Yesterday I flew interstate on an unexpected trip to Brisbane. So what you might say…well, while I’ve made this journey many times, for some reason yesterday’s flight paths were out of the ordinary.
In Darwin, we took off in a westerly direction from the runway, all well and good except Brisbane is south. However the bonus was that we did a wide circuit over the harbour looking at the Wet Season green of the vegetation, the rivers and coastline fringed with white sand, the boats in the marina at Cullen Bay and out on the harbour. The sandbar near Cullen Bay was exposed, something that happens when the tide is particularly low. You could see the waterfront complex and all the new high rises in the city. As they tell you on the guided tours, Darwin harbour is about twice the size of Sydney’s world-renowned harbour so it’s impressive.
You’d be forgiven for thinking, as you look at this tropical magnificence, “oh if only I was down there swimming”. Sadly this isn’t possible most of the year and especially so in the Wet Season. Those beautiful waters are home to stingers which can kill you and they pull out about 200 crocodiles a year, bearing in mind they’re the ones they trap (and relocate). Of course there are no doubt sharks out there too but with the other two “deadlies” out there, what’s a shark between friends. I can count on one hand the number of times I’ve swum in the harbour since we arrived in Darwin over a decade ago.
I had business papers to read on the flight so the 3.5 hours of the flight passed quickly among the clouds.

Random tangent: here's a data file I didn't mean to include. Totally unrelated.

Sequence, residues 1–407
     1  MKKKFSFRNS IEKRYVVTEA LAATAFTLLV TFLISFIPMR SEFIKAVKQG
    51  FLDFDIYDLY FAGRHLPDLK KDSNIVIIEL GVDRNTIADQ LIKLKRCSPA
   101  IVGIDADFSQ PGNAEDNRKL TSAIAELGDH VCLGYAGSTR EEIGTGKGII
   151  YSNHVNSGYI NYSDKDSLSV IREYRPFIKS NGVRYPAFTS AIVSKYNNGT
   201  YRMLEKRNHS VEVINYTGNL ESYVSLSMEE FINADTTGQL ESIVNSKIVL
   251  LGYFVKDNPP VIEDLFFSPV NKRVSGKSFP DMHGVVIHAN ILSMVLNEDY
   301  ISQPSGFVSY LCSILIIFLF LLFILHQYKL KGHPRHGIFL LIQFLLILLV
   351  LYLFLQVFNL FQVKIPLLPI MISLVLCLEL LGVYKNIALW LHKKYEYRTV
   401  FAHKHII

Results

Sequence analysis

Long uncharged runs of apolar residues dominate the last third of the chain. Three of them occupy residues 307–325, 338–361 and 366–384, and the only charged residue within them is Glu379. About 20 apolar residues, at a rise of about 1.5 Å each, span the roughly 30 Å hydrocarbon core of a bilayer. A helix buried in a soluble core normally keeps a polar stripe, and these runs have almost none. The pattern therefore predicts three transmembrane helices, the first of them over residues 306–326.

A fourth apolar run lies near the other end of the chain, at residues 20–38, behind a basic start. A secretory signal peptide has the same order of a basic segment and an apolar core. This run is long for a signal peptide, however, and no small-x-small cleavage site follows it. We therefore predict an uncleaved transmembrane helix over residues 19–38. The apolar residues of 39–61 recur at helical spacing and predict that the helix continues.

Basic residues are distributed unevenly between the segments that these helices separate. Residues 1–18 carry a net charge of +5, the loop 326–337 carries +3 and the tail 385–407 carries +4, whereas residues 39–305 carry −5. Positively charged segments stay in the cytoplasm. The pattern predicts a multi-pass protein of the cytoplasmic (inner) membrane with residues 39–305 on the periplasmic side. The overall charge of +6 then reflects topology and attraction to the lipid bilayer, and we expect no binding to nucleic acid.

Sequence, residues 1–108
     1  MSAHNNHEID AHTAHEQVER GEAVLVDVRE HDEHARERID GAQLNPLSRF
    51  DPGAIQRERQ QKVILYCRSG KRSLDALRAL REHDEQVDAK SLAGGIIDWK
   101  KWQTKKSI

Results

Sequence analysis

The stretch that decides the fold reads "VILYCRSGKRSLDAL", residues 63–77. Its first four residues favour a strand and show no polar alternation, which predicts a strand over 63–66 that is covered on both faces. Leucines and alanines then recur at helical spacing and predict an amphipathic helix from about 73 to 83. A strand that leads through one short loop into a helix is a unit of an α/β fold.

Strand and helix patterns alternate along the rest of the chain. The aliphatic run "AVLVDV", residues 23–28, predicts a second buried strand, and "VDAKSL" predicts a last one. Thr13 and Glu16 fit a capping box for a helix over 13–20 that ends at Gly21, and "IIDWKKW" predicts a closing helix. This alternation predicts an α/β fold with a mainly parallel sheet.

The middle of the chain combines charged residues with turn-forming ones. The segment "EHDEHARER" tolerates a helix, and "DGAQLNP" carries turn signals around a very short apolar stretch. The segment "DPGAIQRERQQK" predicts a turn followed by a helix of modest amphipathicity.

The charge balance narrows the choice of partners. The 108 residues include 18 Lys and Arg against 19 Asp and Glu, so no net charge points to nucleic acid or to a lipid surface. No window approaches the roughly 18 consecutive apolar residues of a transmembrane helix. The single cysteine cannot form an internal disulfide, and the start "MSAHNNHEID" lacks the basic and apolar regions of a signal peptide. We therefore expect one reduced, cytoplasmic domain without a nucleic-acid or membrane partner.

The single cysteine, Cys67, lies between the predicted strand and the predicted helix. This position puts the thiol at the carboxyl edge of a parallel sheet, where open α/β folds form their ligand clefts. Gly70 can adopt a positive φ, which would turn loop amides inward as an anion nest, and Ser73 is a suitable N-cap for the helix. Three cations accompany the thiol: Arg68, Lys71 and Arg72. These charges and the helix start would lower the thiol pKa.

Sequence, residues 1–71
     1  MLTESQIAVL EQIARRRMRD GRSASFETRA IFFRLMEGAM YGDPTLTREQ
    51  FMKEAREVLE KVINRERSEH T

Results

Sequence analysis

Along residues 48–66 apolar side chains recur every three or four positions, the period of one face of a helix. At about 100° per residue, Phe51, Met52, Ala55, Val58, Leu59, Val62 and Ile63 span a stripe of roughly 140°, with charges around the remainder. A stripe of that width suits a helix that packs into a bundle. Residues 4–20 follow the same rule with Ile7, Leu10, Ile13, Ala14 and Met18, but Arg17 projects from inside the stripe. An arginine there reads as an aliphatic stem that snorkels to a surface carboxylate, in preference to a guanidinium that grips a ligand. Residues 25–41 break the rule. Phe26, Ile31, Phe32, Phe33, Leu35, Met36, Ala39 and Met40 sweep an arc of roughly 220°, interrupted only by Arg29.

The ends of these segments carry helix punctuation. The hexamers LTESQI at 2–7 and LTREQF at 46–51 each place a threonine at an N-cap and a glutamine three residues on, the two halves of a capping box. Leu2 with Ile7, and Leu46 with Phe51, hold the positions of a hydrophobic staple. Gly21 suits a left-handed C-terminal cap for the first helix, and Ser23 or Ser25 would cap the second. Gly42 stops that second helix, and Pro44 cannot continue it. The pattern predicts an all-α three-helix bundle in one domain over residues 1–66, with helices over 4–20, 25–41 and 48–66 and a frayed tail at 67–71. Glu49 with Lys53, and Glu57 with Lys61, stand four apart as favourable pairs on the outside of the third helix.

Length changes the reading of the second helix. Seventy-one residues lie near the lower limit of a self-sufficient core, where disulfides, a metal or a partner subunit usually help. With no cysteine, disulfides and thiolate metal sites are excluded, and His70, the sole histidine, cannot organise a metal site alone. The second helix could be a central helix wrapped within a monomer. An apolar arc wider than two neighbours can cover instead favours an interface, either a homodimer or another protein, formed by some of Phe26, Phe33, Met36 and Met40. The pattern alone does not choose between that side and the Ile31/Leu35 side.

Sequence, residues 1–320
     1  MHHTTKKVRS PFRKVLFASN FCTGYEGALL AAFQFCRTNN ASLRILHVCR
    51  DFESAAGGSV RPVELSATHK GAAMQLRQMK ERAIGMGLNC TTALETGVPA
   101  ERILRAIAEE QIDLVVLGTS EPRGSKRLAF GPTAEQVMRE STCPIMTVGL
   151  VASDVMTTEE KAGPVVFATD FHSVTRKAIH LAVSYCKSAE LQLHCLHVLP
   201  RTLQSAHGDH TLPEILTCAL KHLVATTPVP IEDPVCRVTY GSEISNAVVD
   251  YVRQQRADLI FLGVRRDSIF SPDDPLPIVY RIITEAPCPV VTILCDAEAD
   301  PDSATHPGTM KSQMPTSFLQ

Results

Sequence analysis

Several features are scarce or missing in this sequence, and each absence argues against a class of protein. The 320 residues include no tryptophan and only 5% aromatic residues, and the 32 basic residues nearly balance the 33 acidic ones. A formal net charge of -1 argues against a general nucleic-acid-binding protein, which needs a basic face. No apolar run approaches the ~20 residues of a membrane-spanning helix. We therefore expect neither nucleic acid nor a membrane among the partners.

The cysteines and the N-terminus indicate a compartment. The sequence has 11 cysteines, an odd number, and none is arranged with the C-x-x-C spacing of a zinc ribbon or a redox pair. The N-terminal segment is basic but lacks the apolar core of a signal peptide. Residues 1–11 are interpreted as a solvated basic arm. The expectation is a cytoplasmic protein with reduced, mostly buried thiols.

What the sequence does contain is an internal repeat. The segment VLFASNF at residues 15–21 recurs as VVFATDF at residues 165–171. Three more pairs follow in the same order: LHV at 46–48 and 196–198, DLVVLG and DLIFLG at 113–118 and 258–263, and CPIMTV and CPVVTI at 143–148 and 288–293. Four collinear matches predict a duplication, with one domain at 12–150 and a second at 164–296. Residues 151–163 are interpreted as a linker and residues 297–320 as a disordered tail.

To add icing to the flight-path cake, on approach to Brisbane we came in from the west, which again doesn’t happen all that often. Usually the approach of Darwin flights is from the east over Moreton Island and the Brisbane river and mangrove flats. Yesterday we followed the river’s serpentine path as it flowed past The University of Queensland where I’ve spent many years of my life, parallel to the CBD with my old school off to one side a little, and the Gabba where Brisbane’s major cricket matches are played. We then angled around to come in over Teneriffe and Newstead House.
All in all a wonderful aerial tour of two cities I’ve lived in for many years, topped off by a smooth landing by the Qantas pilot.
6 thoughts on “Aerial overview Darwin and Brisbane”
Delightful travelogue as well as a peek at your history. Thanks.
Thanks Joan. A week later I’m back in Darwin.
I was in Darwin in the 50’s . There is a poem written by an lady ( who was only there a couple of nights ) about Darwin. It contained the following phrase :
“men hate their own souls , tear themselves apart and make the grim journey south”
I don’t suppose anyone could advise me off the authors name. I would love to read it again
hi Brian, sorry I can’t help with the poem..it does have echoes of how isolation and distance affect people. Perhaps the NT Writers Group might be able to help?
I also enjoy the different perspective that I get when viewing familiar locales from the air.
It’s fun isn’t it. At the moment the only locale I’m seeing is the Tarmac because the ground crew have been cleared for an electoral storm. Oh well!